New practices for supplying maize seed to New Zealand demonstrate how the policy of zero tolerance to GM contaminated seed can be maintained at little or no cost to the economy. This is a key conclusion from a report released today by the Sustainability Council – Seeding Purity. Improving Practices to Avoid GM Contamination of Seed Imports.
The market is delivering new solutions that reduce the risk of GM contamination to extremely low levels. No relaxation of the zero tolerance standard is required as there is no significant tradeoff to be made given the availability of commercially viable, extremely low risk pathways to import seed
Government is currently reviewing whether to abandon the zero tolerance policy in favour of setting tolerance limits for GM contamination. This would allow seeds that were below a certain level of contamination to pass MAF border inspections.
While the review is looking at a tolerance level for all types of seed, 95% of the area under crops identified by MAF as higher risk involve just two types of seed – maize and sweetcorn, with maize the much bigger of the two.
From this spring, importers will have the choice of buying maize seed from a company that checks GM contamination by planting US seeds in glasshouses and then leaf-tests each plant to select ones to breed seed from. In this way, Pacific Seeds’ Gateway programme reduces the risk of contamination to extremely low levels while supplying a price competitive product. The same system can also be used for other types of seed.
The review was triggered by the discovery of contaminated maize seed earlier this year and the cleanup will result in Government having to pay compensation. Government is only paying out this time because it changed the law last year such that certain compensation now becomes compulsory. Previously, no compensation was payable. Yet those importing seeds have a great deal of control over the degree of risk they adopt when they decide how to source seeds. In order to incentivise them to make good judgments about the value of using higher risk sources that can offer better seed characteristics, importers should shoulder any contamination costs in the first instance. However Government should specify safe harbour practices it would still pay compensation on.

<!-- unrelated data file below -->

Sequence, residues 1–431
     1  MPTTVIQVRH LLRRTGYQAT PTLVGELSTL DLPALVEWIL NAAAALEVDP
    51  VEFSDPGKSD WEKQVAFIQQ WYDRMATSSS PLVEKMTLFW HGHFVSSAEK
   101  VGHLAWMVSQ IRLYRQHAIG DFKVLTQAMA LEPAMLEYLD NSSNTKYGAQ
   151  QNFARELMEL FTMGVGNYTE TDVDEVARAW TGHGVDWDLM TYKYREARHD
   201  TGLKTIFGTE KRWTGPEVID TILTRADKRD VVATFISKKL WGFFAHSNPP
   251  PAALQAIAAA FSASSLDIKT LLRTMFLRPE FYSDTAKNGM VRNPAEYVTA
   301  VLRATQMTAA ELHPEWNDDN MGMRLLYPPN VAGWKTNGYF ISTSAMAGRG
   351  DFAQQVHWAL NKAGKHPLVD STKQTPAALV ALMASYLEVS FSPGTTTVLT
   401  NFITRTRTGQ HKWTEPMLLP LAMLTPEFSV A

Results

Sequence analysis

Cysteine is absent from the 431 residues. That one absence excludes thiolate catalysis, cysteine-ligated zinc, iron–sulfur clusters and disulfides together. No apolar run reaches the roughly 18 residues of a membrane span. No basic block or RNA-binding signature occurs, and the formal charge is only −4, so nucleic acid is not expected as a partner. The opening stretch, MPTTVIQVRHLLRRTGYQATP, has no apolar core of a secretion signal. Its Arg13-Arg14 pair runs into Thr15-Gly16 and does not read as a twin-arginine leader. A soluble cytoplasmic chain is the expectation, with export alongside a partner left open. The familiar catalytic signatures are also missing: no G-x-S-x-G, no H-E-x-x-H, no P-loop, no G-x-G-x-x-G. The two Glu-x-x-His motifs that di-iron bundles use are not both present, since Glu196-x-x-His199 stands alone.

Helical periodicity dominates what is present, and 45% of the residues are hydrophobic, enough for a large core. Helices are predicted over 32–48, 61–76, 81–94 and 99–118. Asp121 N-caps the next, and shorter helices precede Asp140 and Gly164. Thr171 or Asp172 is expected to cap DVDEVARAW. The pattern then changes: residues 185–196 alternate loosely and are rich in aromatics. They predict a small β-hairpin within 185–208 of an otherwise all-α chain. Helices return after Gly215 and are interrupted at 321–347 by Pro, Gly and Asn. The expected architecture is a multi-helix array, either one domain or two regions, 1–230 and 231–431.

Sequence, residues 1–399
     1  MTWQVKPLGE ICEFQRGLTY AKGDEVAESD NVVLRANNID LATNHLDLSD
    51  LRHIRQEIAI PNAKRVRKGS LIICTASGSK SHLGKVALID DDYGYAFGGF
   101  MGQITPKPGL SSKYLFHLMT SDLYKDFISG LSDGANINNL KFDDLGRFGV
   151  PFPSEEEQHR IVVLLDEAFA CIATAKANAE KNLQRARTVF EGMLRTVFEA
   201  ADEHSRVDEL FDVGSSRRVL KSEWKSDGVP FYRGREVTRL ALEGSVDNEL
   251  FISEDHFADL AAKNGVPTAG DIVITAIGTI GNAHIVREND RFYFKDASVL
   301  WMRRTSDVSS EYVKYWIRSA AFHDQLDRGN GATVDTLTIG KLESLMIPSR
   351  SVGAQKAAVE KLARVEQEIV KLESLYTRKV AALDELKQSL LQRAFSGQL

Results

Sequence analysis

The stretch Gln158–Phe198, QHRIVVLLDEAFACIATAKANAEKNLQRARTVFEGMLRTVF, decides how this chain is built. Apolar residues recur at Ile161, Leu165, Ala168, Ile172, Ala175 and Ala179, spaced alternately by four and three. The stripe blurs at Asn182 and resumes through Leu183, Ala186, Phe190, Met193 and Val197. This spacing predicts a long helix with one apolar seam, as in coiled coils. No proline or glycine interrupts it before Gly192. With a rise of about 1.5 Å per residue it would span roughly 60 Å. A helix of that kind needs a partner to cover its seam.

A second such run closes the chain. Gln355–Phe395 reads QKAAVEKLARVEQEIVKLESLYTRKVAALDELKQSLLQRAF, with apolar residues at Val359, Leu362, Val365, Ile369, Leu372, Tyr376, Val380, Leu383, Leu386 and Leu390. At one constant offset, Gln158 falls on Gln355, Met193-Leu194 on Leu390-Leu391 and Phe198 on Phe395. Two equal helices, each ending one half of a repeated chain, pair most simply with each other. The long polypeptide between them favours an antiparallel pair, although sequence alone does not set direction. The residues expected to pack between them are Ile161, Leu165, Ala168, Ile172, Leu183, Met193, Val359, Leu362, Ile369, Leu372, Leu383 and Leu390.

Removal of the zero tolerance standard would involve knowingly accepting routine and randomly distributed contamination. This would negatively impact on the nation’s image as a supplier of pure and high quality foodstuffs. Premium markets have remained highly resistant to any level of GM content.
Tolerance standards are no use if you are trying to sell to intolerant markets. Were the zero tolerance standard to be abandoned, the main beneficiaries would be seed importers that did not innovate and invest to provide enhanced customer protection. Government needs to protect exporters delivering to very demanding markets, not importers who fail to innovate.
Tolerance standards operating in other countries provide no useful guide to the standards New Zealand exporters have to meet. One of New Zealand’s biggest markets, Japan, has a tolerance level of 5% contamination and yet product is rejected by buyers when there is 100 times less GM material present. A Kiwi exporter last year lost $500,000 as a result of a Japanese fast food manufacturer rejecting product with 0.05% contamination. Markets, not governments, define the standards exporters have to meet.